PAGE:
State of the Science Part II

Wow! A day and a half to get home. Who knew there would be snow in Minnesota in the winter? I hope you find yourself as reinvigorated by the Assembly as I have been.

So what were the other key articles? Well, perhaps you’ve seen Lyle Fettig’s excellent post at PalliMed complete with hyperlinks. If not, here’s Part II:

What is the experience that children undergo when treated with Stem cell transplant (SCT) for malignancy? Parents and Physician’s perspectives are presented in Ullrich CK, Dussel V, Hilden JM, Sheaffer JW, Lehmann L, Wolfe J Blood 2010 115: 3879-85. While success rates are improving, 5-year survival for children undergoing SCT is 50-60%. Physicians and parents of children who underwent SCT as the last mode of cancer-directed therapy reported knowing that the treatment will not result in cure less often and later than those of children who do not undergo SCT. This was associated with more use of life-sustaining treatments, less planning, and increased symptom burden for the children.

And for those with Dementia, the impact of pneumonia is described in Givens JL, Jones RN, Shaffer ML, Kiely DK, Mitchell SL Archives of Internal Medicine 2010 170: 1102-7. This study can be used to help surrogates decide whether or not to initiate antibiotics in severely demented patients in LTC. Residents in 22 Boston area nursing homes were studied.

—Treatment with antimicrobial agents is associated with longer survival (273 mean increase in days)
—No differences were noted between survival based on route of antimicrobial delivery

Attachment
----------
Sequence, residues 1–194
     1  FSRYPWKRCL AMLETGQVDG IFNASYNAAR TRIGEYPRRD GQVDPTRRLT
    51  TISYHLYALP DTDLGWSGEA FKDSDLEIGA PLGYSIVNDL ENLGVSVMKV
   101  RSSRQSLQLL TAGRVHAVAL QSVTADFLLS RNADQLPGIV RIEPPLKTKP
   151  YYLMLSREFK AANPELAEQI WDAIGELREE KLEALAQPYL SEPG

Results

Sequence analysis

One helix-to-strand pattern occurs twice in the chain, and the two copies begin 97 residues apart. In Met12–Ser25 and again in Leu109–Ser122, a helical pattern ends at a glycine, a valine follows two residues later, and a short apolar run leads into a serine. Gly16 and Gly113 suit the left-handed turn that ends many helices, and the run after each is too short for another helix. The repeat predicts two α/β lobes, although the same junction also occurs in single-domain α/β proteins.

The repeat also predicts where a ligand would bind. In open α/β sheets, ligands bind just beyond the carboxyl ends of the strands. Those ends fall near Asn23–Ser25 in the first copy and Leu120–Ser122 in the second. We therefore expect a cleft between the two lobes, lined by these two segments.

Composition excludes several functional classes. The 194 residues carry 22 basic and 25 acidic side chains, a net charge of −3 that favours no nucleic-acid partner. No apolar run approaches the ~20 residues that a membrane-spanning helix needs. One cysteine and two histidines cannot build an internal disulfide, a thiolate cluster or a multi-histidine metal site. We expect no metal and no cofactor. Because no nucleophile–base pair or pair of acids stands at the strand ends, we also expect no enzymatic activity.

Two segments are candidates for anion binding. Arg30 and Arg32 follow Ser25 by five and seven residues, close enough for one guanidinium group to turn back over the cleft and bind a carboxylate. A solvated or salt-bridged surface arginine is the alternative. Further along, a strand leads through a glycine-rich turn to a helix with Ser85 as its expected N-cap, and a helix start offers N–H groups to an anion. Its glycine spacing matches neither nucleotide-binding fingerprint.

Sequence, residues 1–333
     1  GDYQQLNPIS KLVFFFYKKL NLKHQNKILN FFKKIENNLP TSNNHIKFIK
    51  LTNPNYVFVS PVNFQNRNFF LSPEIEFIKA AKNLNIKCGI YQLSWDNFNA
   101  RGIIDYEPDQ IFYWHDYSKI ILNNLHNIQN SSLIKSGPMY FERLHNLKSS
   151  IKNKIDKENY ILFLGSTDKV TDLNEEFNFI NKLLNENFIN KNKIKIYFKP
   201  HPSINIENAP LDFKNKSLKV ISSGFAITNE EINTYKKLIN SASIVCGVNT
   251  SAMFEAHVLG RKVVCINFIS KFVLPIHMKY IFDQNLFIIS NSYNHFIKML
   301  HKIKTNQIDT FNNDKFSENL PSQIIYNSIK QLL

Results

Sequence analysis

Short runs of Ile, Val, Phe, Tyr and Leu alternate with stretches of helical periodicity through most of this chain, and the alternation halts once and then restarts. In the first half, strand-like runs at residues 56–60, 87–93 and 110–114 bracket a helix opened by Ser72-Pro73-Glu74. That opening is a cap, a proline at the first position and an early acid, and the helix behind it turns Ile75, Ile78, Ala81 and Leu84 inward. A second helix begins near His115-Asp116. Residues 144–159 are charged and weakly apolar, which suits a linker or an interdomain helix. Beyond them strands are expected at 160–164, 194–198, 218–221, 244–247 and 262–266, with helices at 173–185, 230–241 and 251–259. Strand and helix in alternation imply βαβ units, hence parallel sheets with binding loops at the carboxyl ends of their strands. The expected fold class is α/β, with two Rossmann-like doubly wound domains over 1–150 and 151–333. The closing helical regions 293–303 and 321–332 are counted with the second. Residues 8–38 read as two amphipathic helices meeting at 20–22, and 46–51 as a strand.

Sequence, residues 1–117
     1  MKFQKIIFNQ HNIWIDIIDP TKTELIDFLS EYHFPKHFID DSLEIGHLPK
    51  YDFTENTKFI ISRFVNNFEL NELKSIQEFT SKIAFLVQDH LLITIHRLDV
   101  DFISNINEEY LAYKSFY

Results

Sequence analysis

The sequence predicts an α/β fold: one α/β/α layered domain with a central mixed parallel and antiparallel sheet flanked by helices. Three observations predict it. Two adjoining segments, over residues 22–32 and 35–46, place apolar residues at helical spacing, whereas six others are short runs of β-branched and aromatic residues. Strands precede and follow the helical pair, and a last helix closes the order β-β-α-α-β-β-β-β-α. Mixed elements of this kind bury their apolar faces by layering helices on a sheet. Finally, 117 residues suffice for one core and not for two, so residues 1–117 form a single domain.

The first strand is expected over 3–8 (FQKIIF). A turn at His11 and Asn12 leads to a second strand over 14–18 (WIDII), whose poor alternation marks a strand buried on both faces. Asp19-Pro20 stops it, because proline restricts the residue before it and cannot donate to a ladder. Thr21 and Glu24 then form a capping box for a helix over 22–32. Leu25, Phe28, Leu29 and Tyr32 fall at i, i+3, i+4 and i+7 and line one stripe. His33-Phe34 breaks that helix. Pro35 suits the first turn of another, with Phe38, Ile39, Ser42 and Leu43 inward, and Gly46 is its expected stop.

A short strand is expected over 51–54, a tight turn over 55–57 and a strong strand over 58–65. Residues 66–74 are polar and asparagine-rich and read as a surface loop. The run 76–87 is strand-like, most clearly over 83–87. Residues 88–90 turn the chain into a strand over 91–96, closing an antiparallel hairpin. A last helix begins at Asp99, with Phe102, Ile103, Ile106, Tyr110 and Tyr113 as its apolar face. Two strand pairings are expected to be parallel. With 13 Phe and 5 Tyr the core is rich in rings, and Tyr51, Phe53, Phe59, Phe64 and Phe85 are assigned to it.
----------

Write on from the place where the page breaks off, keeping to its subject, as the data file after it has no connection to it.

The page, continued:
—Patients who lived and received antimicrobial agents had more discomfort
—For patients who died, there was no difference in comfort for those who did or did not receive antimicrobial agents or in other words, withholding antibiotics did not appear to increase suffering.
Finally, our State of the Science closes with two articles about surrogacy and advanced care planning.
The first study presents a randomized trial of disease specific discussions from the Respecting Choices program of LaCrosse Wi. Patients and their surrogates were randomized to either a facilitated interview or usual care. For patients with CHF or ESRD, a facilitated, structured patient-surrogate interview improved surrogate understanding of patient preferences for care at the end of life.

The final study used a randomized trial of video to facilitate end-of-life conversations with cancer patients. El-Jawahri A, Podgurski LM, Eichler AF, Plotkin SR, Temel JS, Mitchell SL, Chang Y, Barry MJ, Volandes AE J Clin Oncol 2010 28:305-10 Viewing a video depicting end-of-life care options increased patients’ preference for comfort care, and decreased their desire to receive CPR and other life-prolonging therapies.
So in conclusion, it’s been a great year for Hospice and Palliative Medicine. To all of you HPM researchers, keep up the great research!
And Finally, Happy Anniversary to HPNA on reaching such a great milestone!

1 thought on “State of the Science Part II

  1. And a Huge Thanks to Nate and Wendy for the tremendous amount of work they put into this presentation. As one attendee said, ” This is the one talk that I make it a point to never miss!”

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